|"Sitting Couple" by Lynn Chadwick (1990)|
I felt like I'd hit the jackpot when I arrived at Landau Fine Arts' booth with its aluminum and bronze statues by Lynn Chadwick. His "Sitting Couple" is human-sized and full of life and fun despite the pair's hard edges. Don't you love the heads?
Chadwick was a British sculptor with no formal art training other than some architectural drawing classes. Perhaps this is why he created his sculptures without the benefit of preliminary sketches. Just think about that for a moment. Instead, he created maquettes, smaller "test" versions of his works. (The maquettes on display were equally beautiful.)
Chadwick rose to fame when he was awarded the International Sculpture Prize at the Venice Biennale in 1956. The smart money had been on Alberto Giacometti to take home the honor. Click here to see more of Chadwick's work.
"Massing Studies for The Pavilion #1
(V.B. Gowns) by General Idea (1975)
General Idea used the construct of a faux beauty pageant to create works that satirized ideals of glamour and art. In 1971, the Collective held its first "Miss General Idea" pageant. It was a mail art project. The field of title-seeking participants was narrowed down to 16, and each was sent a brown taffeta dress to model. The winner appears to have been selected via photographic entries, but there was in fact an event complete with a red carpet. On another occasion, live models sashayed down a runway wearing the ziggurat VB gowns. I wish I could have been there. To read more about General Idea (and see a picture of the pageant), click here.
|"Boats" by Jennifer Bartlett (1987)|
Bartlett is a conceptual artist whose work elevates the mundane to something significant. I wasn't surprised to learn she had studied at Yale with Alex Katz. There's a simplicity to this work that dovetails with Katz' pared down style.
But her grids are the work Bartlett is best known for in the art world. She would paint small, square, enamel-coated steel plates and arrange them into an image. Sometimes she used media like crayon and ink on paper instead.To see more of her work, click here.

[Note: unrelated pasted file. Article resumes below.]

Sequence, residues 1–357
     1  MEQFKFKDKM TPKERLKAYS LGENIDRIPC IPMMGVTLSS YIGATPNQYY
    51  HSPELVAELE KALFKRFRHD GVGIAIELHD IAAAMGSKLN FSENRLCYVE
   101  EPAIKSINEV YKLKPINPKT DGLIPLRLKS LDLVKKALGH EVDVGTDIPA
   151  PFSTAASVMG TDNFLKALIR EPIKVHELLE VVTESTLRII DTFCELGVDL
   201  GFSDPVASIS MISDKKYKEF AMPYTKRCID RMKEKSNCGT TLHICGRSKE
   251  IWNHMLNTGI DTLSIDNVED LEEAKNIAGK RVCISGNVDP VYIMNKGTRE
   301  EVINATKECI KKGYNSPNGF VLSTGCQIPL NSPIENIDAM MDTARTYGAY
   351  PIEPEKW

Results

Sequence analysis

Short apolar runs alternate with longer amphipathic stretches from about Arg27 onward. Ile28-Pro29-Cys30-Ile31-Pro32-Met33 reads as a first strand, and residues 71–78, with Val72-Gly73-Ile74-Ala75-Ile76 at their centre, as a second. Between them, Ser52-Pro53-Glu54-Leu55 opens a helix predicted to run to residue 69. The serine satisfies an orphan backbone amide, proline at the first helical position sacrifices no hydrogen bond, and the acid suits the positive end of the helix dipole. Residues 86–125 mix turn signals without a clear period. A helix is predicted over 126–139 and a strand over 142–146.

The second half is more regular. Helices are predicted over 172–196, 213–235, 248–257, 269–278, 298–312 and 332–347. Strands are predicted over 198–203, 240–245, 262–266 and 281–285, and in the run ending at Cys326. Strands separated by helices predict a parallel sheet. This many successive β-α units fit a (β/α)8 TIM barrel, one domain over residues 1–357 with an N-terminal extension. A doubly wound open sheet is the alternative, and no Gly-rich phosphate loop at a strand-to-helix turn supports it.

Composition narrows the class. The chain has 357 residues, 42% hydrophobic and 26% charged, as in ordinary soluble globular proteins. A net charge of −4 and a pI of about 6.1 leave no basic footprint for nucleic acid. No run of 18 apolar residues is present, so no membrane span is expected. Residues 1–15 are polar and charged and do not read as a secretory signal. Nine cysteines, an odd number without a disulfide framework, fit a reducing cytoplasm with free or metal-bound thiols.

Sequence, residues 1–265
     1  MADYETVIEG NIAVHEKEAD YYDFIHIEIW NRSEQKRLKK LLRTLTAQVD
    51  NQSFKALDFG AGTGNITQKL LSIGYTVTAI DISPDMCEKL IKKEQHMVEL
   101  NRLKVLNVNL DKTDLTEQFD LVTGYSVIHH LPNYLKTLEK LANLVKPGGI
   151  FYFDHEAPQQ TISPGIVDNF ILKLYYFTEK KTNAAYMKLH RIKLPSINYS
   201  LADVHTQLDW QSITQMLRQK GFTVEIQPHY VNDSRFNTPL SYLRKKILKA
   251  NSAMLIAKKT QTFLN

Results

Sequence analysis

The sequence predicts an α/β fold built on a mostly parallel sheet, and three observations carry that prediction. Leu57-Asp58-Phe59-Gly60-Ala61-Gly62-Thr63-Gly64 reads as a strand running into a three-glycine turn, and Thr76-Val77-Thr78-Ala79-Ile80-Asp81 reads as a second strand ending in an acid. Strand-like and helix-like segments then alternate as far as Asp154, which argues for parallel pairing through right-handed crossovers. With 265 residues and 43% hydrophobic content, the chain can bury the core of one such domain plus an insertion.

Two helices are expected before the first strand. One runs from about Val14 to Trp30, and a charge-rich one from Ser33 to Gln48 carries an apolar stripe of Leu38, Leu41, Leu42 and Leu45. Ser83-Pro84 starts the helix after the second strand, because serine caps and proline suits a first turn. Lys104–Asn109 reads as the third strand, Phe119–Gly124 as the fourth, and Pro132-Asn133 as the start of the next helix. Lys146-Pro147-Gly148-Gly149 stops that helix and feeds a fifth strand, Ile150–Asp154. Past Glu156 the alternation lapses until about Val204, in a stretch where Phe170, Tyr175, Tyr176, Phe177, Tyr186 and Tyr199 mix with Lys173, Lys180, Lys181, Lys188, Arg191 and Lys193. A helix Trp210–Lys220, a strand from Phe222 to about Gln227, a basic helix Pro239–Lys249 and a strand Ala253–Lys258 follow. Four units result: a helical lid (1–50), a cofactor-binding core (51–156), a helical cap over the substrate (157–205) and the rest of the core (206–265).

|"Gliding into Midnight" by Betye Saar (2019)|
Saar's work is so extensive that a short description could not begin to do it justice. Click here for a fascinating article that talks, among other things, about assemblage and Saar's "reclaiming" of the image of Aunt Jemima. And to watch a video in which Saar speaks about her work, click here.
"Sound of Tree Water"
by Katsura Funakoshi (2019)
The Japanese artist hand carves these works with a chisel and hammer over a period of months. Funakoshi's choice of camphor wood as his material is not based purely on its tactile qualities. Camphor wood comes from laurel trees, which have traditionally been used in Japan to make religious objects. Knowing this gives the work a meditative quality I didn't immediately see.
Funakoshi has said his figures live “in a world of joy and suffering, of passion and anger, of resignation.” Art critics have commented on their futuristic feel, the realistic quality of their skin and the eerie marble eyes that unblinkingly look ahead. If you're fortunate enough to live in New York, you can see an exhibit of Funakoshi's work and make your own assessment. "A Tower in the Night Forest - Recent Works (2011-2019)" will be on display at Van Doren Waxter through January 17. The rest of us will have to settle by seeing more of his work by clicking here.
Next up: Favorite 2D Art at Art Basel